The flash is a device that emits light momentarily. You can use the flash's light to compensate for the lack of brightness when shooting in dimly lit situations like indoors or night scenes. Thanks to the instant exposure, using the flash can also be effective to prevent camera shake and subject blur. When shooting in bright outdoors, for example against back light, you can use the flash to avoid the subject from appearing too dark in the picture.
Depending on the camera model, you may not be able to use the built-in flash until you operate the manual flash switch to pop open the light-emitting element. While the flash is charging, the lamp and flash mode indicator will flash and you will not be able to take pictures.
The light of the flash will be weaker the farther it travels from the camera. Be aware of this fact when using a zoom lens, as depending on the focal length (Tele more often than Wide), people shoot the subject from a distance and in many cases the light of the flash is insufficient and the subject appears too dark.
You can find out the maximum range of the flash from the catalog or the specifications in the user manual. Look for "Effective Flash Range" under the Flash section for the maximum effective distance (measured from the tip of lens) where you can still get an appropriate brightness (correct exposure) using the flash. When shooting night scenes or indoors, any subject at a closer distance will appear too bright (overexposed) and at a farther distance will appear too dark (underexposed).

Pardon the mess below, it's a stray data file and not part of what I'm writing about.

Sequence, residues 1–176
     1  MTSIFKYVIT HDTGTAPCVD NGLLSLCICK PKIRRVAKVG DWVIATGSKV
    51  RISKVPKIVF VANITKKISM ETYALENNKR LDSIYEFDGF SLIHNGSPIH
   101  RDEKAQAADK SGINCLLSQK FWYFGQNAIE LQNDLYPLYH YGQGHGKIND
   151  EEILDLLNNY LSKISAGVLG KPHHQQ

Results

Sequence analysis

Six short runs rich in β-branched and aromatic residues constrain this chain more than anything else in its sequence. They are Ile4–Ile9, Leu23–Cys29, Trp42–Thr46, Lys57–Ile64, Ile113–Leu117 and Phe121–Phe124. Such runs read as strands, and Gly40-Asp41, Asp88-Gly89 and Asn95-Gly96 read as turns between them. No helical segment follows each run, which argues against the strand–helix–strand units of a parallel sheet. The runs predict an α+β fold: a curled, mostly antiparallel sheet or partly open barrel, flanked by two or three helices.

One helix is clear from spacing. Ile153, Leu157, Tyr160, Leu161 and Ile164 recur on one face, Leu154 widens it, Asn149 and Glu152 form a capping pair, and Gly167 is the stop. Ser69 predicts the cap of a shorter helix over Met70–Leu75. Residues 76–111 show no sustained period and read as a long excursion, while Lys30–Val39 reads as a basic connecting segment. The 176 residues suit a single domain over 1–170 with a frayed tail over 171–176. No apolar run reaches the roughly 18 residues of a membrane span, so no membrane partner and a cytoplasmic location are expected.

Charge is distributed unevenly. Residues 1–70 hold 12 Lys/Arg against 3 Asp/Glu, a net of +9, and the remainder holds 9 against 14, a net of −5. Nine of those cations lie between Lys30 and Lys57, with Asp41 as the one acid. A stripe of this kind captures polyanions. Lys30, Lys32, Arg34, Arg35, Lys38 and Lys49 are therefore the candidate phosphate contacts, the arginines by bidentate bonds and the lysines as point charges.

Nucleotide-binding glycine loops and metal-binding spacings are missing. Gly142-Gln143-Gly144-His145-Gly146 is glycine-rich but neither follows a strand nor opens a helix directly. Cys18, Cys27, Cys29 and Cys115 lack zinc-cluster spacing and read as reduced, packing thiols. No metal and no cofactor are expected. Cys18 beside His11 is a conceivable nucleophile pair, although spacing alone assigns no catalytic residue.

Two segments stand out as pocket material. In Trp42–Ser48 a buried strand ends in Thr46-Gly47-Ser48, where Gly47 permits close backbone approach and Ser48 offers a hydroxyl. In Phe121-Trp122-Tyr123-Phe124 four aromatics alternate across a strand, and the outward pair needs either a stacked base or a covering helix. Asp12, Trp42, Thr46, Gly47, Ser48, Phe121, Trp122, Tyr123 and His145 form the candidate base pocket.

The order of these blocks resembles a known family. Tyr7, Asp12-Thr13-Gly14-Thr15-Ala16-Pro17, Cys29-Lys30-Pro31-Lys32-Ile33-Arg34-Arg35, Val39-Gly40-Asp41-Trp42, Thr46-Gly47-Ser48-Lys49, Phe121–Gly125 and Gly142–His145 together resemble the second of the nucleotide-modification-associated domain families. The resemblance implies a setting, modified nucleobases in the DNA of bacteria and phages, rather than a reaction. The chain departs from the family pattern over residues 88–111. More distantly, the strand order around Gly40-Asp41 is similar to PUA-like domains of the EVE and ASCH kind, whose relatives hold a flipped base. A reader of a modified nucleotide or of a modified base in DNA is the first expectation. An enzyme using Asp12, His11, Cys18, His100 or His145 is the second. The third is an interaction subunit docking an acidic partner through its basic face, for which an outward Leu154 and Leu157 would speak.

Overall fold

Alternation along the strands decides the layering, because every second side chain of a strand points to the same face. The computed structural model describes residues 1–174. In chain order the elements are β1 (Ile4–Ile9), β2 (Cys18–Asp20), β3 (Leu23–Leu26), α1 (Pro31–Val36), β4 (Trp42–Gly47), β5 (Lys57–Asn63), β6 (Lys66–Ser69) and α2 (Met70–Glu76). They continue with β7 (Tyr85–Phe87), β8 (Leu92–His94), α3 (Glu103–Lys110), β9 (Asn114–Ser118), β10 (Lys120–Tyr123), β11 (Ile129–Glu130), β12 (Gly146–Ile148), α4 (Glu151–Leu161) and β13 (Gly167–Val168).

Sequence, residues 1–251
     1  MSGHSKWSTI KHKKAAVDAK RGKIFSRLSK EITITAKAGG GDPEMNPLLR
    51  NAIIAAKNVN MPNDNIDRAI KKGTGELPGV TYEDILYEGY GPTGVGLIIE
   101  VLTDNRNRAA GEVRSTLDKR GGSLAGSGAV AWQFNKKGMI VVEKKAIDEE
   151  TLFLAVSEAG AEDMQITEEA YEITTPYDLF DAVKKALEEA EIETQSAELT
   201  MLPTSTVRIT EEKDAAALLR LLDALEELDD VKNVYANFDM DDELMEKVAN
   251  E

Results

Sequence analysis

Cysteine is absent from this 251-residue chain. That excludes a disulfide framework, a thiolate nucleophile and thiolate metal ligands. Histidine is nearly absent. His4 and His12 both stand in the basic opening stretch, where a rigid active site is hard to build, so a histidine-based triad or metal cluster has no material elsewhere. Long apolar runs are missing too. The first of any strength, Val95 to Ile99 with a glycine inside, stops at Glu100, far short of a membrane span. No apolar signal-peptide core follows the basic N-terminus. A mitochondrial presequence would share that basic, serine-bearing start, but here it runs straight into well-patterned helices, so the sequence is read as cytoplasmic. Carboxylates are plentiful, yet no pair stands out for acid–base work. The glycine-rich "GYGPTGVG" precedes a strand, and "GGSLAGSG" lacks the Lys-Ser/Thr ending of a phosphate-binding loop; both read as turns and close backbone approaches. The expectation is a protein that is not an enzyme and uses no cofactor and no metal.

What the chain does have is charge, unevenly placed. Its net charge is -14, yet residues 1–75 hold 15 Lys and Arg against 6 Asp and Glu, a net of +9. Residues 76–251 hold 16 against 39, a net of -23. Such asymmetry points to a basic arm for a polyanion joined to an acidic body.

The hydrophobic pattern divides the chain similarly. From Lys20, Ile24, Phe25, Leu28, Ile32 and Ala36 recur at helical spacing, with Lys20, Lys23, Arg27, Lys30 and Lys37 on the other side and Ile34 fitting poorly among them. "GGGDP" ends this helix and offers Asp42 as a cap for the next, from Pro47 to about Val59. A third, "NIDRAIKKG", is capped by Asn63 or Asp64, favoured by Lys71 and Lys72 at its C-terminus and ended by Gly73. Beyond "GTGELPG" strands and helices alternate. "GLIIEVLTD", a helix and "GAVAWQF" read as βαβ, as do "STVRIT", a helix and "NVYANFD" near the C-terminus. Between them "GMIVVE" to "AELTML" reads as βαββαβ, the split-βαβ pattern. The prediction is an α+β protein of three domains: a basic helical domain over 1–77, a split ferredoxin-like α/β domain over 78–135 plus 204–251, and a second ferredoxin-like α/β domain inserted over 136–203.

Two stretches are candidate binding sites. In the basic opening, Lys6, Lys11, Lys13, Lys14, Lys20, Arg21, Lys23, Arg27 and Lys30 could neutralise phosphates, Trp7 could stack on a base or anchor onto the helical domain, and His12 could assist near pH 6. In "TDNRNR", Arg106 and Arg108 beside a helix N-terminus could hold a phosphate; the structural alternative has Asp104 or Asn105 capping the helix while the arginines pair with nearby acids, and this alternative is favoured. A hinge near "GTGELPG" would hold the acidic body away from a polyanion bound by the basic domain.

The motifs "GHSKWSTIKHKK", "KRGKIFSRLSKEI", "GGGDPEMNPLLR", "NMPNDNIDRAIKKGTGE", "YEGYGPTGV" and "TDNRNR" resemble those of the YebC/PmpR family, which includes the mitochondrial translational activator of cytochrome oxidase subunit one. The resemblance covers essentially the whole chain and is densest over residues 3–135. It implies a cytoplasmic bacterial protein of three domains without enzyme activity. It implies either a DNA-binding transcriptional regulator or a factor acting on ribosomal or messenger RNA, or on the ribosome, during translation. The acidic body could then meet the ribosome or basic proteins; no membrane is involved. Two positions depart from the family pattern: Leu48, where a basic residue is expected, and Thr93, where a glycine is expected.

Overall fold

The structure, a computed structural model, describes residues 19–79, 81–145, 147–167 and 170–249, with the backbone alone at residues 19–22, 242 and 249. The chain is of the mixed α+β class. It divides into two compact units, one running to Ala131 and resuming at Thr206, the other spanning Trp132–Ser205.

The light of the flash gets weaker the farther it travels. Beyond the effective range, the flash light that can get to the subject is insufficient and the flash will have almost no effect. Note that effective flash range when using a zoom lens will be different for the telephoto end and for the wide-angle end.
Some camera models allow for the use of external flashes that are more powerful than the built-in flash. With such a camera, attach the external flash to the camera's hot shoe to get an extended effective flash range.
You can change the flash mode depending on the shooting conditions.
When shooting night scenes, even if the flash mode is set to [AUTO] and the flash fires, the light of the flash does not go very far to have any effect. Instead, set the flash mode to [Flash OFF] and try using a higher ISO sensitivity to make use of the existing light.
In [AUTO] mode, the person in the fore will appear correctly exposed but, since the light of the flash cannot get to the background, it will appear too dark. Using [Flash Synchro], a slow shutter speed is used so the background appears bright enough and the person in the fore appears correctly exposed thanks to the flash.
[Flash Exposure Compensation] is a function that allows you to correct the amount of flash set automatically by the camera just as you would adjust the exposure with Exposure Compensation. You can compensate the amount of flash from -2.0 to 2.0 stops in 0.3-stop increments. The following scene seems best to me at +0.3 stops but, just as with exposure compensation, personal preferences will vary.